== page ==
Unison is advocating the government should introduce legislation in next year’s Pension Bill to make cost disclosure templates mandatory.
Speaking before the Work and Pensions select committee in Parliament today (5 December), Colin Meech, Unison’s national officer for pensions and investments, said he and his colleagues were in "constant struggle" with trustee boards and employer sponsors for them to undertake transparency exercises and disclose their costs with investment managers.
He said: "We are currently in two transparency exercises running in two utility companies. If you take the 6,000 defined benefit schemes [that exist in the UK] and you do one a week, it is going to take 403 years, so there needs to be some impetus to the process."
Five templates already produced by the Financial Conduct Authority's (FCA) Institutional Disclosure Working Group, chaired by Chris Sier, will cover charges associated with most asset classes, but are not compulsory.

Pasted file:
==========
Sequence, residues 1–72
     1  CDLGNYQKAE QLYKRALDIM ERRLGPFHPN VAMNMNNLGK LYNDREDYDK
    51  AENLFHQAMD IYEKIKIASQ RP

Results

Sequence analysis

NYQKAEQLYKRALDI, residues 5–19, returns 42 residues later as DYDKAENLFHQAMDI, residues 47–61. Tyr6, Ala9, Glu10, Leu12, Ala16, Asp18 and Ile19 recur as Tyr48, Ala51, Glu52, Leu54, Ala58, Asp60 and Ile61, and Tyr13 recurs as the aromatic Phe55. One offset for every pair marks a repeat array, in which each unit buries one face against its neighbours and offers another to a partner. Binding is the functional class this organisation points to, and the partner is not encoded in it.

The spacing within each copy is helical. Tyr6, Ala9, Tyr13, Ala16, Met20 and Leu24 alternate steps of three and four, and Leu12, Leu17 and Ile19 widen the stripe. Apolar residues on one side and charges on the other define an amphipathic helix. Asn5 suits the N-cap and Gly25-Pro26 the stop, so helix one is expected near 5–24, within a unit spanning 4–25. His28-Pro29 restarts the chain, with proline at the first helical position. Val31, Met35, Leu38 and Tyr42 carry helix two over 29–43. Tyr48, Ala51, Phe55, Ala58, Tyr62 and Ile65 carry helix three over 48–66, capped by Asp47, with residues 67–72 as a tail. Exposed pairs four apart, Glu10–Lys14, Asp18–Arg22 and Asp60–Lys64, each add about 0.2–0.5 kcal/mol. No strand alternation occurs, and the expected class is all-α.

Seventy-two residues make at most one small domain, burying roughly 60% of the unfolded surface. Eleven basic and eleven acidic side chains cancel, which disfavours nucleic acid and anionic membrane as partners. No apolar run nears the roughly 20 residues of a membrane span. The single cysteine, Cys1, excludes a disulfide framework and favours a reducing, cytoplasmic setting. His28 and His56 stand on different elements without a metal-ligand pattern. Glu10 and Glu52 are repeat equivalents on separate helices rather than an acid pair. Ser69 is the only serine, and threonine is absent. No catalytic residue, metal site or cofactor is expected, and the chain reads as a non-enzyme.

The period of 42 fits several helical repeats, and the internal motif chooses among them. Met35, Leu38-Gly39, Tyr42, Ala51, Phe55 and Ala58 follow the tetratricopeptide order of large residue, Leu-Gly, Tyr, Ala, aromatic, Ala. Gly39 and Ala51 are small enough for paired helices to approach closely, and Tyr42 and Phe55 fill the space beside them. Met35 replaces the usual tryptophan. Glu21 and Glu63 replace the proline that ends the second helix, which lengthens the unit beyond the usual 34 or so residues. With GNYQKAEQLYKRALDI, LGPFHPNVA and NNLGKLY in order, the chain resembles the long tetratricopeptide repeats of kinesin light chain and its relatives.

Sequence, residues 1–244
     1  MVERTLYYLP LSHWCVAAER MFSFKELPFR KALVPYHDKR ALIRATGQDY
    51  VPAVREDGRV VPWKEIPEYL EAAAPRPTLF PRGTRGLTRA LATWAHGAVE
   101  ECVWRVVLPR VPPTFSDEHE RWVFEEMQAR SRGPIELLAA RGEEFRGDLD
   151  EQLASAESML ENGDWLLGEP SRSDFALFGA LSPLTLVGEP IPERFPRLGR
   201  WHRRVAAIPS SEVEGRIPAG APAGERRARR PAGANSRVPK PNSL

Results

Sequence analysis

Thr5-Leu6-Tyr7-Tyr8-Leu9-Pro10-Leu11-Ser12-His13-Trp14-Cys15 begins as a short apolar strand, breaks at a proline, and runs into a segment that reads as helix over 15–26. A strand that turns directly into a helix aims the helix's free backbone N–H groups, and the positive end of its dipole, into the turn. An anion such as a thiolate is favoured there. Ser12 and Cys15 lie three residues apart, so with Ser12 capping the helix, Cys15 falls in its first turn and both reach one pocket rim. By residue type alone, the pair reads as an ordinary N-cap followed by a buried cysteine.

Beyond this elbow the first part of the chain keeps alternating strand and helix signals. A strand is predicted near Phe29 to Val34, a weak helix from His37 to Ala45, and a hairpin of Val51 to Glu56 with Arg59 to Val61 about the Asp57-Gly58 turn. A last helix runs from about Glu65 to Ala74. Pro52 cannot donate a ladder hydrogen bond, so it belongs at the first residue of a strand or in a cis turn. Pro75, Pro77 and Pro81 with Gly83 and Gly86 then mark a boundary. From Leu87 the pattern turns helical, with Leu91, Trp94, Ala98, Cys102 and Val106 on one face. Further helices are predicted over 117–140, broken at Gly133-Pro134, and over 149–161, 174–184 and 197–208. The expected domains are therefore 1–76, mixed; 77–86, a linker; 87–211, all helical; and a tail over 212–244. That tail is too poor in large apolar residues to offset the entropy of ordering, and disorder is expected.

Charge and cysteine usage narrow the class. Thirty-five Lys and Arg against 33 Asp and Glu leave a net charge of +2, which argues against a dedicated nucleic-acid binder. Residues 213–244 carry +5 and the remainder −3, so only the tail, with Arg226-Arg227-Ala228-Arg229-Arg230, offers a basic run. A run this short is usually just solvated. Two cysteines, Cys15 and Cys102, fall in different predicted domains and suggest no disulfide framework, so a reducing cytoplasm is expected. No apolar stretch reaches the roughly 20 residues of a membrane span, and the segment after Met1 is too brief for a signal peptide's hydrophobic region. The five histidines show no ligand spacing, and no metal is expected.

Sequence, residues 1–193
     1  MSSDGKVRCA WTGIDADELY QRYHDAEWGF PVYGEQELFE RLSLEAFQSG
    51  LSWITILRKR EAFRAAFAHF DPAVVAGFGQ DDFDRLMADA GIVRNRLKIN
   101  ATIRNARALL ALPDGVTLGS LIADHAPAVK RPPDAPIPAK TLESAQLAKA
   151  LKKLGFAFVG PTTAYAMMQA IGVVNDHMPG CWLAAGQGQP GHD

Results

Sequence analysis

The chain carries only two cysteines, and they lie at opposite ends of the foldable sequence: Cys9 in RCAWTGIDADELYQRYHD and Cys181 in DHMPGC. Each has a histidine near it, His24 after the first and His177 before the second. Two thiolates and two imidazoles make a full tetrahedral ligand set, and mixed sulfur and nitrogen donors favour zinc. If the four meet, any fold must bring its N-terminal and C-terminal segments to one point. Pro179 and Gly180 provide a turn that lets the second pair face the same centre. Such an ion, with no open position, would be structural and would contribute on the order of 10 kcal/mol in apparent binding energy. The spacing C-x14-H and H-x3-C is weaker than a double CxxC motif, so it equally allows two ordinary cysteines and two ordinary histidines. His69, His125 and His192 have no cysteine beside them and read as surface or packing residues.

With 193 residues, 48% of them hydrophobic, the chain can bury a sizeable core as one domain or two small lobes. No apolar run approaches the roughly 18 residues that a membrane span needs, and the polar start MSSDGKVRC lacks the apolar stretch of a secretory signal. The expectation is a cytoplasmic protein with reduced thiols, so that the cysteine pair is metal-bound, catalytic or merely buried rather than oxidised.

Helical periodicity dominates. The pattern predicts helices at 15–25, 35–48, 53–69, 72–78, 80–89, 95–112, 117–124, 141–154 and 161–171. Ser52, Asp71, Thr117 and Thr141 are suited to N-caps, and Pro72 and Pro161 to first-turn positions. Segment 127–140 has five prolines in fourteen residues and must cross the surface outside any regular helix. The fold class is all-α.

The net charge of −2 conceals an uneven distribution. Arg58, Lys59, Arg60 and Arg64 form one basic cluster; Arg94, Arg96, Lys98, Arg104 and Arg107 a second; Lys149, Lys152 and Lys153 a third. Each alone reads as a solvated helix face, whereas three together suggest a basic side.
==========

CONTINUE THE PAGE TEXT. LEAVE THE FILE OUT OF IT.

The group, set up last year, has urged pension funds to probe the honesty of their asset managers.
Mr Meech told MPs trustees were "reticent to undertake cost transparency exercises" and the same applied to officers of the pension fund "just in case it brings up issues that they didn’t know about".
He said: "Unless there is a statutory requirement to do so, it will take a long time to percolate through. There is an opportunity in the upcoming Pensions Bill [to introduce legislation]."
FTAdviser reported in October that Guy Opperman, minister for pensions and financial inclusion, wants to introduce a comprehensive private pensions bill in 2019.
Mr Meech is a member of the Local Government Pension Fund (LGPS) advisory board, which is part of the Cost Transparency Initiative (CTI), which will run a pilot with a number of pension schemes and asset managers to test the cost disclosure templates, before rolling them out industry-wide.
Nigel Peaple, director of policy at the Pensions and Lifetime Savings Association (PLSA), which is also involved in this project, told the Work and Pensions committee that he feels "very positive" about the work of the Institutional Disclosure Working Group and "genuinely optimistic" about the cost transparency initiative that will roll out the templates to schemes over the next year.
He said: "My experience with trustees with pension schemes is that they are very persuaded by the importance of their fiduciary obligation to look out for their members, so I think they will enthusiastically adopt the templates."